Gold light bathed my apartment Monday morning, tinting my teal accents a suspicious green, rendering my curtains useless and waking me up before my alarm. It’s the kind of light that reminds me summer is coming soon, overconfident in its brightness — the kind of light that burns out too fast, too soon.
I got up, filled a glass with water and as soon as I turned around, the light had dimmed, returning my room to its familiar color. Summer is suspicious like that, the way sunlight shines with such confidence, clinging to skin and sunglasses and scalps, tattooing me with perpetual shadows.
The heat and lingering days threaten never to end, only to be replaced by fireflies when the sun finally relents, reminding me of summer’s beguiling character, its effervescent, overpromising light.
“You’re going to have the best summer ever!”
I’ve heard it several times; I mumble affirmatively. I’m traveling to London and Vienna with my mom and youngest sister. In London, I’ll finally meet the Twitter friend whom I’ve been Facebook messaging for more than a year now. I’ll play tennis obsessively, staying late at the courts until bugs hover in winged clouds under the lights. Continue reading
My sister is right, the selfie lighting in my Des Moines apartment is excellent.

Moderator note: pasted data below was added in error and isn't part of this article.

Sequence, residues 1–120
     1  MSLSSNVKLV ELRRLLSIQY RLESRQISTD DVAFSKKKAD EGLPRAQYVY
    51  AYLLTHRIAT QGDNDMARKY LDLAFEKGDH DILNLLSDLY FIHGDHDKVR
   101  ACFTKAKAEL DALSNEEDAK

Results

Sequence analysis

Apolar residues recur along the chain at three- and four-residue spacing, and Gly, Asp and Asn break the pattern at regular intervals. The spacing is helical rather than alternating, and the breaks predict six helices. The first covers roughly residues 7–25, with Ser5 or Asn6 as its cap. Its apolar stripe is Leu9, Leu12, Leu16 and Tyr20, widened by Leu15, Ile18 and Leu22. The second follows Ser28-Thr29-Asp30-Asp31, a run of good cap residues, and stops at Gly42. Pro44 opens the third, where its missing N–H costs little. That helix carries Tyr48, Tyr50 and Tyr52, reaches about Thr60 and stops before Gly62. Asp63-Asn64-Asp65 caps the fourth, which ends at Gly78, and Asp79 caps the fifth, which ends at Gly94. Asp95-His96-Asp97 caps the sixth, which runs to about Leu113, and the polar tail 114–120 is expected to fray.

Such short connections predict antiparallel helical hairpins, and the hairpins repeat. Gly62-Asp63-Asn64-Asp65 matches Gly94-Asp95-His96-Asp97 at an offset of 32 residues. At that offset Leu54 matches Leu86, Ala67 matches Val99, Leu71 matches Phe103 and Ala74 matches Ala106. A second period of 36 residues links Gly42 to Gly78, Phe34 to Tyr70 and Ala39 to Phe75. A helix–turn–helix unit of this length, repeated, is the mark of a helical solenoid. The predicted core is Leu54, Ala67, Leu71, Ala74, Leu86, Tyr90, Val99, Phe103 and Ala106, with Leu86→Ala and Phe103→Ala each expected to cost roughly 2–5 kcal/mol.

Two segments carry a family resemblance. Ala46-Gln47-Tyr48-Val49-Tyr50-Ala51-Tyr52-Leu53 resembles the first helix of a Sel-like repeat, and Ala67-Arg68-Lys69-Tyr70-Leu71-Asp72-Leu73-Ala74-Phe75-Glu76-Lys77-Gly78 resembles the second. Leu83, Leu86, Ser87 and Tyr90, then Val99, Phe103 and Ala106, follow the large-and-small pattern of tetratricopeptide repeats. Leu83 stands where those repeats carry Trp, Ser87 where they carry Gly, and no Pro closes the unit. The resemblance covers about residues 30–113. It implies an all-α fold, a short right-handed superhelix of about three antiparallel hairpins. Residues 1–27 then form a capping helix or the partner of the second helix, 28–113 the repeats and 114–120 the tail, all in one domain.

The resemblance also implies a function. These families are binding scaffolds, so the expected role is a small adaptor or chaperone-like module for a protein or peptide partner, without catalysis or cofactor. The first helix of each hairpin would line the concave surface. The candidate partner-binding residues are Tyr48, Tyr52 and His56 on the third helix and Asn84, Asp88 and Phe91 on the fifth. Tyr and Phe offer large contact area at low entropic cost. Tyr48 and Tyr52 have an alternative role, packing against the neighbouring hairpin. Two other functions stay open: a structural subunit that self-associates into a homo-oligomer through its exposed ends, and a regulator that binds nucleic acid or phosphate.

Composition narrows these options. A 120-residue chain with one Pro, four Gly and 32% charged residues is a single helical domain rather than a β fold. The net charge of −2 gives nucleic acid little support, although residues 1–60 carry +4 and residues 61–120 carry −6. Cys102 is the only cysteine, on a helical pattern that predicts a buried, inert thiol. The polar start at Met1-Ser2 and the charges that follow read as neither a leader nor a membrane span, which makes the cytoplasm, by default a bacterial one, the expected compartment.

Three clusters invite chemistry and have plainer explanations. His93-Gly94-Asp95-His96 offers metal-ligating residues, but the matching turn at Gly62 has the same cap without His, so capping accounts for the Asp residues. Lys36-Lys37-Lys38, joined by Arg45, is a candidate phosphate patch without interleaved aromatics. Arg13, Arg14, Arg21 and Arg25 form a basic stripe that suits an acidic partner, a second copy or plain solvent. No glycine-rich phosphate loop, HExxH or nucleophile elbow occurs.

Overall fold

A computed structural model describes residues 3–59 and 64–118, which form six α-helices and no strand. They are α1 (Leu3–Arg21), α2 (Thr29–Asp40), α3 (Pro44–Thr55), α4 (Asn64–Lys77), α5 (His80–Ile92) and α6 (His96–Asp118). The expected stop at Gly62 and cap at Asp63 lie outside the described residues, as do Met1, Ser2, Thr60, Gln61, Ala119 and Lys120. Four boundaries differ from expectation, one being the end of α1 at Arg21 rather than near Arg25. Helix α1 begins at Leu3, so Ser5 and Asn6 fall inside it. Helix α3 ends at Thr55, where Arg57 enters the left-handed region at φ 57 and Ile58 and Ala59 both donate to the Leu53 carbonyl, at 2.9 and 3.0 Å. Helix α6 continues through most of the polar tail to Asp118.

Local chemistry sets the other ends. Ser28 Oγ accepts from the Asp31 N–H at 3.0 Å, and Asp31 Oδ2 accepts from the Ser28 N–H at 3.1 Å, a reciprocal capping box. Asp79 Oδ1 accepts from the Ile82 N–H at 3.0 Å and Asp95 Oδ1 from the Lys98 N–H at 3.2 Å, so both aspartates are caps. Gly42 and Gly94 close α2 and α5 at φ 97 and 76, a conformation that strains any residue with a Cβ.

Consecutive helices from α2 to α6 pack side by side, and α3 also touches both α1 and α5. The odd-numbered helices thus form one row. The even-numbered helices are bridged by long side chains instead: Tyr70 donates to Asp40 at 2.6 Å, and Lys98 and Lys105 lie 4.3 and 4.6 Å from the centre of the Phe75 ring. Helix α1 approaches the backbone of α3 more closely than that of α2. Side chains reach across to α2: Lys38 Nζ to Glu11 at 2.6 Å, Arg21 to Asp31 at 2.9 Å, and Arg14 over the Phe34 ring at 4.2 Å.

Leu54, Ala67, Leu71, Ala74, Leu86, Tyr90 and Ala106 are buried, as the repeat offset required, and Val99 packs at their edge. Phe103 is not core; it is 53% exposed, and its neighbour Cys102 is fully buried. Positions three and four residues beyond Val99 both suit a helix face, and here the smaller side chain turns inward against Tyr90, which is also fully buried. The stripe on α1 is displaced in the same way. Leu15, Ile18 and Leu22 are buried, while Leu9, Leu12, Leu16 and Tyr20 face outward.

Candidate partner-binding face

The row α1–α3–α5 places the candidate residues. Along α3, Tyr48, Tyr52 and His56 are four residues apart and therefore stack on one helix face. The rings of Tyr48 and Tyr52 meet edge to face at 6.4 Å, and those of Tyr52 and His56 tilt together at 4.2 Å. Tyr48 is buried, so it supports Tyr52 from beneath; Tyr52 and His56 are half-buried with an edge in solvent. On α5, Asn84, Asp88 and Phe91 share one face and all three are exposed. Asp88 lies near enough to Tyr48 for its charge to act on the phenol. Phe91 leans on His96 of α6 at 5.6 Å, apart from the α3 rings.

As I move through my apartment on Saturday mornings, watering my plants, removing a layer of dust from nearly every surface, both cursing and revering my giant south-facing windows, I listen to podcasts. I fill my home with others’ voices, their stories in rhythm with the tasks on my weekend to-do list.
For a long time, I was afraid of the silence in my own home.
There is sameness in silence, the way it always invites my pesky restlessness to the forefront, compelling me to counter it with chatter, sound, anything. I’ve felt alarmingly uninspired by my writing the past couple months amid the shuffle of law school visits, planning a European trip and making moving plans for the fall. Every time I sit down to write, I don’t know where to start: the planning, the quitting, the leaving, the moving, the resettling. It all blurs into feelings, anxieties and impatience I can’t bear to sort out.
But when I find myself unanchored in the one thing I can (usually) count on — words — I moor myself to the sounds of where I am, sounds that so often fade into the background of living, breathing, doing. Continue reading